4. VSG is more robust in weak grids compared to grid-following solutions. Semiconductor-based grid-following solutions, such as STATCOMs, do not operate effectively in weak grids due to the degradation of the phase-locked loop (PLL) [23]. On the other hand, not relying on the PLL and operating as a voltage source allow VSGs to perform well in weak grids. The robustness of VSGs in weak girds has been proved in the literature [24]. Besides, adding grid-forming voltage source converters (VSCs, e.g., VSGs) to a network consisting of multiple PLL-based converters helps improve the whole network's small-signal and robust stability [24, 25]. This fact is revealed by means of the impedance-based analysis and the structured singular value methods [24, 25].

For VSGs disadvantage, only low over-current capability compared to SynCons can be considered. The over-current limitation is the thermal limits of the power electronic switches (IGBTs) inside VSGs. As a result, the VSGs' over-current capability is only 20%-40% of its rated current, which is much lower than the counterpart of a SynCon [21].

4. Performance evaluation and comparison between VSG and SynCon Near and far fault

This section conducts a case study on a solar farm (SF) connected to a weak grid. The case study is simulated in PSCAD/EMTDC because investigating the transient and the dynamic response of IBRs, VSGs, and SynCons must be done in a time domain-based simulation. Also, PSCAD/EMTDC is an accepted software for EMT simulation in Australia, and the IBRs manufacturer must model their models in PSCAD software and comply with the Australian grid code. Several tests, including fault ride-through (FRT), voltage disturbance, active power reference tracking, and frequency disturbance, are applied to investigate the system's behaviours in three different scenarios. In the first scenario, which is the base case, the SF is connected to a Single Machine Infinite Bus (SMIB) system without any supporting device. The SMIB model is a weak grid model with SCR below 3, which solar farms cannot operate stably. Optimizing the SF control parameters can be a solution to enhance the stability of the farm. However, changes in the network, e.g., faults, line trippings, might negatively impact the effectiveness of the optimal parameters. Hence, more robust solutions should be considered. The SG-like assets, i.e., SynCon and VSG, are possible candidates for improving the SF's stability. Thus, in the other two scenarios, the SF in the first scenario is supported by either a SynCon or a VSG connected to the SF's medium-voltage (MV) bus. As aforementioned, the VSG can be formed by retrofitting several existing GFLIs in the SF park with the VSG control. The topologies of the three scenarios are shown in Figure 2. The parameters of the solar, the SynCon, and the VSG are listed in Table I. The SF, the SynCon, and the VSG are modelled in detail in PSCAD/EMTDC. The SF and SynCon models in this study are OEM developed models that capture a full detail of an actual product.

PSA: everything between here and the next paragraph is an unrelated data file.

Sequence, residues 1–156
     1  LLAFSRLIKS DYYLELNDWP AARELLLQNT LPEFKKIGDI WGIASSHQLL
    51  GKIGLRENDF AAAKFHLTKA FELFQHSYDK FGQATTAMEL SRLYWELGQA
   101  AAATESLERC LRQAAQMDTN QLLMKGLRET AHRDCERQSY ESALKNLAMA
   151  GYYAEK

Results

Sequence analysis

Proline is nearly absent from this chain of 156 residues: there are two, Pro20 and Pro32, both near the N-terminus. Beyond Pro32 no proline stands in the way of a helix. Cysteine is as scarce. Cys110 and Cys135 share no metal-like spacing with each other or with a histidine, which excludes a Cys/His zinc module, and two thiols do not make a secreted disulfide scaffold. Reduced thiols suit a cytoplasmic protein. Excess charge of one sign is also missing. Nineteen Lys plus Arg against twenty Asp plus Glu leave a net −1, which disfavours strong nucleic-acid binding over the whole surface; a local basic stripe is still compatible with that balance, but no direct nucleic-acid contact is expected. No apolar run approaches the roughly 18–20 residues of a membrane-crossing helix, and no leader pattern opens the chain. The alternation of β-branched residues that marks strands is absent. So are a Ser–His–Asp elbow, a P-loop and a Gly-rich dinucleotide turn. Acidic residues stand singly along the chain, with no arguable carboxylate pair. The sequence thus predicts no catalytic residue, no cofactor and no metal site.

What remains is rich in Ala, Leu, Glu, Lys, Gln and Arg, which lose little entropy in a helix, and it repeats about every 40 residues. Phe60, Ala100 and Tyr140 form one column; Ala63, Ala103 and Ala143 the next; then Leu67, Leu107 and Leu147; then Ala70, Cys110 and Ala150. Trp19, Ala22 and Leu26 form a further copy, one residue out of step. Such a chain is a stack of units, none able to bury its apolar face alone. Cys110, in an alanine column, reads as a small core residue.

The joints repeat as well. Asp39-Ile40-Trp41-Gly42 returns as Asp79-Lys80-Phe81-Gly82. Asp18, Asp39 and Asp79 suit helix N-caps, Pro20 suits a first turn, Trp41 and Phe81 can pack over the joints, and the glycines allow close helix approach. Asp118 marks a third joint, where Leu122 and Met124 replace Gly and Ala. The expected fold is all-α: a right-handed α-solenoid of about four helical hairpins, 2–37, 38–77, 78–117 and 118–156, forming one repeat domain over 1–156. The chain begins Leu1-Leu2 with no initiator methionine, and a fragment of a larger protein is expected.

The control diagram of the VSG can be found in Figure 3. P and Q in this figure are the active and reactive power measured at the terminal of the VSG. ig,abc  and ic,abc  are the grid-side current and the converter-side current of the LCL filter used in the VSG, respectively. vc is the voltage across the capacitor of the LCL filter. The PWM outputs drive the semiconductor switches inside the VSG. All control parameters of the VSG can be found in Appendix I.

Figure 2 - Case study topology

Figure 3 - Detailed control of the VSG

Table I - Test-bed system info

The simulation results of the tests in the test-bed SMIB are presented in the following subsections. The improvements brought by SynCons and GFMIs on enhancing the system strength and inertia are revealed. Performance comparisons of the remediation assets are also detailed below.

4.1.  Fault-Ride-Through

Two tests are applied on the SMIB case to compare the enhancements brought by the SynCon and the VSG in terms of the FRT capability and the fault recovery. In the first test, a three-phase bolted fault, which is the most severe fault scenario, occurs at the SF's PoC and lasts for 120 ms. The responses of the system in the three scenarios are presented in Figure 3. 

From Figure 3, the post-fault responses are significantly improved when either the SynCon or the VSG is connected to the PoC. Without these ancillary devices, long oscillatory transients in the PoC voltage, i.e., VPoC, the PoC active power, i.e. PPoC, and its reactive power, i.e., QPoC, persist for almost 1.6 s after the fault clearance. In addition, as shown in Figure 3(a), the spikes in VPoC exceeds 1.5 pu. These poor transients can trigger protection devices in the system, disconnecting the SF even though the fault is successfully cleared. These undesirable transients result from the voltage's extraordinary sensitivity to the variations in the current in weak grids [26, 27].